During the first surge of Covid-19 (March to May 2020), approximately 1700 patients were admitted to the Queen Elizabeth Hospital, Birmingham, UK, following a positive test, of which 720 were admitted for over 3 days. Within this group, 204 out of 720 (28.3%) were admitted to the ITU for ventilatory support. In total, 208 out of 720 (28.9%) patients were referred to the speech and language therapy team, which included 102 of the 204 (50%) of the ITU cohort. Tracheostomy was performed in 82 (80%) of the ITU group referred to the speech and language therapy team, with the rest being primarily extubated. Mean patient age was 67.6 (SD = 17.6) years.
Referral and initial assessment
All patients were assessed by the speech and language therapy team within 24 hours of a referral as part of our 7-day service. Mean (SD) time to referral was 7 (11.4) days after admission for patients managed solely on the ward. Within the ITU endotracheal tube cohort, mean (SD) time to referral to the speech and language therapy team was: 3 (1.6) days following extubation, 11 (5.3) days from date of tracheostomy for patients with a tracheostomy and 10 (5.2) days from the date of sedation being discontinued.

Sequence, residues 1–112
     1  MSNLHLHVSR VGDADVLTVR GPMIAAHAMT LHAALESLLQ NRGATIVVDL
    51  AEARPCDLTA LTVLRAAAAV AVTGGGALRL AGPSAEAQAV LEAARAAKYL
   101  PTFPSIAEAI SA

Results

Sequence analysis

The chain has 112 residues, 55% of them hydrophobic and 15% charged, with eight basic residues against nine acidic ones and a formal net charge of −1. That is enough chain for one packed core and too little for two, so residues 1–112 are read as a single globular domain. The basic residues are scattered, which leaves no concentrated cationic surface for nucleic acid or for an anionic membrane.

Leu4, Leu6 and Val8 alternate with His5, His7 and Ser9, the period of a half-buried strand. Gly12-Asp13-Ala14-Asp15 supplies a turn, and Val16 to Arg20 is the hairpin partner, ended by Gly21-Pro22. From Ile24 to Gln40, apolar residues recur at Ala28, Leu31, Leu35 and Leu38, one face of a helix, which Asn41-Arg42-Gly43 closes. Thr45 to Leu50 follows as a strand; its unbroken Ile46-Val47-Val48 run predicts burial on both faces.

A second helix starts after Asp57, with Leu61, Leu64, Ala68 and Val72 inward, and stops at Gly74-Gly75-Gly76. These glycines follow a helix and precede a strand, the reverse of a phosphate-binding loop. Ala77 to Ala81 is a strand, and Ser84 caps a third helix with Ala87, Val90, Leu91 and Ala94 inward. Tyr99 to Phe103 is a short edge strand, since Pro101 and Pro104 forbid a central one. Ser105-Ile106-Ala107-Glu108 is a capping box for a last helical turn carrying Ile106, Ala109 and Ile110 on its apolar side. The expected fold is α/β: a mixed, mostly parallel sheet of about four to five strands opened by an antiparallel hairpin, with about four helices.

The main presenting features were: delirium – hyperactive or hypoactive presentation; laryngeal compromise – vocal cord not fold palsy and or laryngeal oedema; respiratory swallow co-ordination challenge; burden of secretions and constant expectoration; and fatigue.
Of the patients who were initially assessed on the ITU, 33% (19 out of 58) started on an augmented diet or fluid, and 67% (39 out of 58) were recommended to be nil by mouth. Only one patient was able to manage a level 7 (regular or easy to chew) diet at initial assessment on the ITU. For ward patients, 22% (23 out of 106) were recommended to be nil by mouth at initial assessment; however, 29% (31 out of 106) were able to be immediately placed on a level 7 diet. Of the patients surviving to begin oral intake (n = 193), 20% and 76% began with altered fluids and diet, respectively. ITU patients with a tracheostomy were more likely to begin an altered diet (Table 2) than those without (87% vs 59%, p = 0.003).